A woman’s betrayal of her family serves as the linchpin of the taut political drama Shadow Dancer, directed by James Marsh (Man on Wire, Project Nim). Set during “the Troubles” of the 20th century between Britain and Northern Ireland, the era’s bloody violence often pitted neighbor against neighbor and tore families apart. Screenwriter Tom Bradby began the novel on which the film is based while a television correspondent in Northern Ireland in the 1990s. His perspective as a journalist balances the storytelling from both sides of the conflict, never forcing the audience pick a political ideology.
Andrea Riseborough stars as Collette, a young single mother and somewhat ambivalent terrorist. She lives in Belfast—the Ground Zero of Ireland—along with her mother and two hardliner IRA brothers. When she’s picked up by the police after a bombing attempt on the London subway system, she meets Mac (Clive Owen), an MI5 officer who gives her an ultimatum: Either become an informant against her brothers and their crew or be put in prison for 25 years, away from her young son.
Collette makes the King Solomon-like decision to choose a life with her son, fully knowing that she will pay the ultimate price if her spying is ever uncovered. When her brothers’ assassination attempt on a police officer is foiled by the authorities, suspicions among the IRA members are aroused, and a tense game of cat-and-mouse ensues.
Her psychological turmoil builds as the film heads into a surprising climax. She’s constantly second-guessing herself, struggling between trusting her family, whose roots are closely entwined with the IRA for deeply personal reasons, or putting her faith in the British agent. Riseborough, who notably starred in Oblivion with Tom Cruise and the Madonna-helmed W.E., brings an enigmatic stoicism to Collette, who protects herself and her son by cutting herself off emotionally from the outside world. The audience isn’t sure of what she’s feeling, but perhaps it’s because Collette herself doesn’t know what to think or do—she believes she’s damned either way.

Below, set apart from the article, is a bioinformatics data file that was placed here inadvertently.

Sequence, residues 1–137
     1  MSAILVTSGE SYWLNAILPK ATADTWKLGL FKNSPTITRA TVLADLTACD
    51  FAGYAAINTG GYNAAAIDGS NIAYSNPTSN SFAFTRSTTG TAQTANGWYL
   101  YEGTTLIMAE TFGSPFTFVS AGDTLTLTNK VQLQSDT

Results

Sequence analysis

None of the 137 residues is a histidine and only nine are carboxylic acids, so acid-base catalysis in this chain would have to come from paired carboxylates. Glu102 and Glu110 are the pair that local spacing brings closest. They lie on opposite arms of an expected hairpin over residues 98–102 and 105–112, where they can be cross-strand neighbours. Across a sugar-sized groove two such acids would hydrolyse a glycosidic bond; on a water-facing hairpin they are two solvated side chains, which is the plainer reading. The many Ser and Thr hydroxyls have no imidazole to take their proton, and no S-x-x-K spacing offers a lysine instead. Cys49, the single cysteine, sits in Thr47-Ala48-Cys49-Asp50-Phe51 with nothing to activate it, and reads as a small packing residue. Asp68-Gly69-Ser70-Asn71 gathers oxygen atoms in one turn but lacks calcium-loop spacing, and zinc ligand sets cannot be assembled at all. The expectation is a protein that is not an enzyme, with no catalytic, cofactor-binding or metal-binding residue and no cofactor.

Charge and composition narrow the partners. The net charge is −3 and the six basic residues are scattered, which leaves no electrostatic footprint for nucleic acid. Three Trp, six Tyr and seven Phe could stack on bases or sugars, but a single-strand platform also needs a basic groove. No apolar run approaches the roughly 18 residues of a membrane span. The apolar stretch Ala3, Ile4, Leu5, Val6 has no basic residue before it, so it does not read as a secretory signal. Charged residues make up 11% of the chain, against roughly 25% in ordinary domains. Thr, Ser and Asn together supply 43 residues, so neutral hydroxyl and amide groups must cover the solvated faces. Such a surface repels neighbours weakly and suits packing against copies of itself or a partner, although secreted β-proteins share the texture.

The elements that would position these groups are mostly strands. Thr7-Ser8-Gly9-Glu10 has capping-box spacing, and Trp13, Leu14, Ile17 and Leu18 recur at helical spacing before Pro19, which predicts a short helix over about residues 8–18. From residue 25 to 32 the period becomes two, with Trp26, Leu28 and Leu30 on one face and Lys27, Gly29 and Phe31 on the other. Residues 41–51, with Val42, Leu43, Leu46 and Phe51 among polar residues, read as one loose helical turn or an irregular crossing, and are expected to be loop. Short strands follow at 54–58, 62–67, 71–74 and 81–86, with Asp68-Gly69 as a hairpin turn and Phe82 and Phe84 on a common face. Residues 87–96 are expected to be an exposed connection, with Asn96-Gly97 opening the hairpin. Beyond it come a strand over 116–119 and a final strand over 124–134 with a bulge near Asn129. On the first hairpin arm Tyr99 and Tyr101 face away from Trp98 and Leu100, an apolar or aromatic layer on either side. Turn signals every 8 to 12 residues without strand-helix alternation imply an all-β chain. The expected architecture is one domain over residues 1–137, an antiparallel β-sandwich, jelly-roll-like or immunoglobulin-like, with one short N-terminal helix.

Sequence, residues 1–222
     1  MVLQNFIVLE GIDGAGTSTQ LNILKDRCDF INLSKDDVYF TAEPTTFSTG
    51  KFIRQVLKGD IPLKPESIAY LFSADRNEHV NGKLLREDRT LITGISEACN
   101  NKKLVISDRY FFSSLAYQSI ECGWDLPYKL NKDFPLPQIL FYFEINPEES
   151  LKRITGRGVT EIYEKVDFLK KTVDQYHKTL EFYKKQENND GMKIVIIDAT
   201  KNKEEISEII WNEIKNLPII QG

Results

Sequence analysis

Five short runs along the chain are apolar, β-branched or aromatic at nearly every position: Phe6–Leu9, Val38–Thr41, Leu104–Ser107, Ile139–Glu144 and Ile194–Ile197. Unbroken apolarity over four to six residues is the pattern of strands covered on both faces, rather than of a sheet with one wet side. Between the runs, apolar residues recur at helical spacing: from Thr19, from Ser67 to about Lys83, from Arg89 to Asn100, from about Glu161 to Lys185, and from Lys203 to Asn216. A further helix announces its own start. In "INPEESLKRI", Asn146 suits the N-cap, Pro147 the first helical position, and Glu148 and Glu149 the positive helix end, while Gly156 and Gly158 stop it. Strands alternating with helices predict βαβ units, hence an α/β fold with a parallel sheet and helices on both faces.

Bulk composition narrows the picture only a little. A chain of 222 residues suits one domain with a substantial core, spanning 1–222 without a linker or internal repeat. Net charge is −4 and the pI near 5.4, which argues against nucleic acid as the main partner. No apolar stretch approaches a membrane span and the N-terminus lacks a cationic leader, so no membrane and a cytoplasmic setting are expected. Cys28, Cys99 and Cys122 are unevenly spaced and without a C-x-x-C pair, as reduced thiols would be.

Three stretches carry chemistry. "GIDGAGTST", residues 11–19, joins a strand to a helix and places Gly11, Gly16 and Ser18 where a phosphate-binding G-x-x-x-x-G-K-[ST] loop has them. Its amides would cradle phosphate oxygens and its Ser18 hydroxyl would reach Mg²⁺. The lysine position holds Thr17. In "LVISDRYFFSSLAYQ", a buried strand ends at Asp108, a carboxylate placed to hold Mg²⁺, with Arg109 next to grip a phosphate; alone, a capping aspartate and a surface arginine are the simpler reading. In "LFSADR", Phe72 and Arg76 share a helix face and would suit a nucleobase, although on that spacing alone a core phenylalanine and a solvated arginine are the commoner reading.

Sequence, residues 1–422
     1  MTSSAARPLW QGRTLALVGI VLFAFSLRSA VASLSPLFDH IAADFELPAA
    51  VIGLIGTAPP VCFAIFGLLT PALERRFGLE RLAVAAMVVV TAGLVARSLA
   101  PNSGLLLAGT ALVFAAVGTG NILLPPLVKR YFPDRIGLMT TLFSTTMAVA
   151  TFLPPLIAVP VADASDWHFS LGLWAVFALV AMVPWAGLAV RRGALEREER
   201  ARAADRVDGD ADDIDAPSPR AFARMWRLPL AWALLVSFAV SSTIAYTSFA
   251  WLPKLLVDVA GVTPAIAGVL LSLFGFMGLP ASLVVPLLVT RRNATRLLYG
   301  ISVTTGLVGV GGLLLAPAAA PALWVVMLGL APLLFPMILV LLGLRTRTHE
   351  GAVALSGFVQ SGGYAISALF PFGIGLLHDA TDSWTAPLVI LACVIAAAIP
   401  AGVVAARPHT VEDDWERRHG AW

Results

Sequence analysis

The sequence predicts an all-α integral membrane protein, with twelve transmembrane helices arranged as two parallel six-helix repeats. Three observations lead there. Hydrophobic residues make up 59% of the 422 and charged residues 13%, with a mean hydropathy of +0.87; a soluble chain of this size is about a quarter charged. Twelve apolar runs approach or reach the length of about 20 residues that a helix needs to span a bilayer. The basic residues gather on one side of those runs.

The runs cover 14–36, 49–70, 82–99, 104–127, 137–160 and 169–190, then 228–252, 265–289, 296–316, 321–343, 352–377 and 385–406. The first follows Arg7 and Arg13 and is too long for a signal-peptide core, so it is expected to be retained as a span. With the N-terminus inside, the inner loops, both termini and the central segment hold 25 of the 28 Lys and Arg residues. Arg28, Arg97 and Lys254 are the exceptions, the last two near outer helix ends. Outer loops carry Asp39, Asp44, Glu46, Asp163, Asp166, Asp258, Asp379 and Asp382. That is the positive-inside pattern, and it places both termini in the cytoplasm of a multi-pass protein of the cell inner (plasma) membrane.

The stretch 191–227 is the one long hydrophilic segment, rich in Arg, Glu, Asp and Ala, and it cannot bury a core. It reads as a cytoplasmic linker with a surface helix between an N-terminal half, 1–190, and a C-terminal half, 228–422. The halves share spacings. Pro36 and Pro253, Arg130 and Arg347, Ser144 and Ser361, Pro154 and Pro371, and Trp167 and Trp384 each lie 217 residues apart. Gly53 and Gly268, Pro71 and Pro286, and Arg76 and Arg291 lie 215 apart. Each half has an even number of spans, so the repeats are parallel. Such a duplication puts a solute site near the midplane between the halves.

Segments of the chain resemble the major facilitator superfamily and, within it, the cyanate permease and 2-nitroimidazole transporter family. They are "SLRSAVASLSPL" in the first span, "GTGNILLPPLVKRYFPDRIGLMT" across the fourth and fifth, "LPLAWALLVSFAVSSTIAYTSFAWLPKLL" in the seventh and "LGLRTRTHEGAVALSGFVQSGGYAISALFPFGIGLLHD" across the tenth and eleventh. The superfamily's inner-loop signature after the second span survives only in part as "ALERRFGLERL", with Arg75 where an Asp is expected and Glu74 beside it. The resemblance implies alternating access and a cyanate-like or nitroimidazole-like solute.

In a nuanced performance, Owen brings a quiet intensity to the screen. His Mac is a caring agent who’s overly protective of his charge—someone who’ll go to great lengths to keep his promises. A mixture of his idealism and his possible feelings for Collete spur him to make decisions that could compromise his career. At the agency, Mac also clashes with his hard-nosed colleague, Kate (Gillian Anderson), over the ethics of the use of human pawns for the endgame. (She seems to have less trouble with sacrificing a few lives for the greater good.) Kate also knows things about the situation that Mac isn’t privy to—such as other informants working both sides of the conflict—but refuses to tell him anything that’s not on a need-to-know basis. Anderson’s screen time is minimal, but her presence serves as a good juxtaposition to Owen’s character. Her faux British accent, however, is distracting against the rest of the cast’s (who are U.K. natives), which is somewhat surprising considering her experience with several other British films and television shows (including Tristram Shandy: A Cock and Bull Story, Bleak House and Great Expectations.
The politics—and most of the violence as well—stays in the background and off-screen. A little more context for those not familiar with the history of the era would have been beneficial, but not essential, to the story. Instead, director Marsh focuses this slowly simmering drama on more universal themes of family, betrayal and decisions that people make that are both right and wrong at the same time.
Director: James Marsh
Writers: Tom Bradby (based on his novel, Shadow Dancer)
Starring: Andrea Riseborough, Clive Owen, Aidan Gillen, Domhall Gleeson, Brid Breenan, David Wilmot, Martin McCann, Gillian Anderson
Release Date: May 31, 2013 (limited & VOD)